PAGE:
First things first: Arnold Wesker’s great early plays were really great. In his groundbreaking Look Back in Anger (60 years old next month) John Osborne gave voice to the frustrated and furious young of the post-war period, but Wesker’s plays put that anger (which he also felt and articulated) into the context of 20 years of history. If you want to understand what happened to British society between the 1930s and the 1960s – which means understanding much of what British society is like now – you go to The Kitchen (about work), Chips with Everything (about National Service) and his trilogy of plays about the communist legacy, class and disillusionment: Chicken Soup with Barley, Roots and I’m Talking about Jerusalem.
The trilogy’s central character – clearly based on its author – represents the upwardly-mobile new intelligentsia which emerged (in particular) from left-wing families in the East End of the 1930s. But Roots – in which Arnold/Ronnie is an offstage character – is set in rural Norfolk, and is about a family which is socially and culturally stuck, and will remain so. The famous climax of the play – a speech in which a young working-class woman breaks free both from her family and from Ronnie – is an impassioned rejection of the “whole stinkin’ commercial world” in favour of bringing a higher culture to the masses. But the last stage direction reads: “The murmur of the family sitting down to eat grows as Beatie’s last cry is heard. Whatever they will do they will continue to live as before”. Arnold Wesker’s great theme was the inflexibilities of class, and the action of his plays the urge to break free.
In fact, Beatie’s original Dusty Bicker did stick with Arnold Wesker, and he with her: they got married on an Arts Council bursary. I got to know them in the late 1970s and 1980s, when Arnold’s reworking of The Merchant of Venice (The Merchant, later retitled Shylock) and his own production of the one-woman trilogy Annie Wobbler (written for Nichola McAuliffe) were being presented at the Birmingham Repertory Theatre. Three of his first five plays refer to food in their titles; both Dusty and Arnold were great cooks; it was no surprise that many of my happiest memories of him and them were over meals, in Birmingham restaurants, in their London home, and on British Council trips abroad (one, particularly memorably, in the New York Restaurant in Budapest, site of key events in the 1956 Hungarian Uprising). I was from the succeeding generation of British radical playwrights, but was always struck by Arnold’s generosity of spirit (and helpful advice) to those who followed him.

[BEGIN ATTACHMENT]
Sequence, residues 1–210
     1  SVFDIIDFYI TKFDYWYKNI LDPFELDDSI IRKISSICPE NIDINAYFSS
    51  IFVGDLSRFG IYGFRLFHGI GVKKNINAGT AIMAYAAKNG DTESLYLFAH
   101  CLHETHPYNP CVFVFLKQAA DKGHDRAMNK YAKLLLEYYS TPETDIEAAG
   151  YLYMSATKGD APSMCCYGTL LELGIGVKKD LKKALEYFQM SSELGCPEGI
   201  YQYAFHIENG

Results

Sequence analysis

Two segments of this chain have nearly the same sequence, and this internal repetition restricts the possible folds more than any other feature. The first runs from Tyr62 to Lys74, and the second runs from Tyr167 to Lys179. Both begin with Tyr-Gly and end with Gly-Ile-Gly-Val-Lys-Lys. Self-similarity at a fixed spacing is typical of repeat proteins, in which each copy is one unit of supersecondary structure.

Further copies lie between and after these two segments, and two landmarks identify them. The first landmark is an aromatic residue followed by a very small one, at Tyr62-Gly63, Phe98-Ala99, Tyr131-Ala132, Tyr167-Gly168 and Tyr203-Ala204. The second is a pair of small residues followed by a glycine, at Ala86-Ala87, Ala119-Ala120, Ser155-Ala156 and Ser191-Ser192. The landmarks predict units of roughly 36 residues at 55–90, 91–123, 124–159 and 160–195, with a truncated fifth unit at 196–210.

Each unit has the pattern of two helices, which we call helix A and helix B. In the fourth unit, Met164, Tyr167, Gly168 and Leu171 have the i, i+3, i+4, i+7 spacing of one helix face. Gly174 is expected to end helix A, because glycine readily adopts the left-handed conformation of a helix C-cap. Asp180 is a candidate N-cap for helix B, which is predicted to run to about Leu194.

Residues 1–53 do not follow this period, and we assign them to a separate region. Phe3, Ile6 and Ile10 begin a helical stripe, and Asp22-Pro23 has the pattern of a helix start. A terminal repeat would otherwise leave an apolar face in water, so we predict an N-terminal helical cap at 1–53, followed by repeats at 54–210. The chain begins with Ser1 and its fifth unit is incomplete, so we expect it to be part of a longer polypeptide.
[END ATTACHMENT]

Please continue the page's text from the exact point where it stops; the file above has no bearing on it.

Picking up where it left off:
Shylock and Annie Wobbler were among the many plays which Arnold wrote following his period of greatest success in the late 1950s and early 1960s in London (though, in fact, all three of the trilogy plays were premiered at the Belgrade, Coventry). Others included Caritas at the National Theatre (with a wonderful performance by Patti Love as a mediaeval anchoress), a community play for Basildon and an evocative adaptation of Dava Sobel’s Longitude at Greenwich.
Arnold acknowledged the resonance of Longitude – the story of a working-class innovator denied due recognition (and remuneration) for his work. He blamed his legal battle with the RSC (who withdrew his play The Journalists from production in 1971) for the lack of major London productions of his later plays. The fact that he was not above mentioning this contributed to his unjustified reputation as a curmudgeon; but it is certainly true that British theatre could have made more use of Arnold Wesker in his later years.
Nonetheless, and in addition to his plays, Arnold wrote fiction, many essays and two impressive memoirs, the second about how The Merchant/Shylock closed early on Broadway, following the death of its star, Zero Mostel. In fact, the book is an excoriatingly painful and honest description of his relationship with The Merchant’s director John Dexter (who brought the early plays to the stage).
Honesty was, for Arnold, the great playwriterly virtue. The last thing he wrote to me was a (solicited) critique of the move in the theatre away from the individually-written text towards work devised by actors, which he described as “plays concocted by committee”. For him, art remains “the one human activity that demands brave honesty”. He didn’t say – but I think meant – that such honesty can only come from an individual’s direct experience. His familial and political experience of the key events of the middle of the 20th century made him uniquely fitted to apply his life to his times.
Unsurprisingly, Arnold was a lifelong Guild member. He lives on through his work (the last five years have seen notable revivals of The Kitchen, Chicken Soup with Barley and Roots at the National, the Royal Court and the Donmar), but also through those lucky enough to have been his friends, and of course his family. He leaves Dusty and three living children (tragically, their daughter Tanya died during his 80th birthday year).
The only line which appears in all three of the trilogy plays is: “You can’t change people, you can only give them some love and hope they’ll take it”. That isn’t the whole of Arnold Wesker, but it’s where he began.
Above photo of Sir Arnold Wesker at the Durham Book Festival 24 October 2008, by Simon James.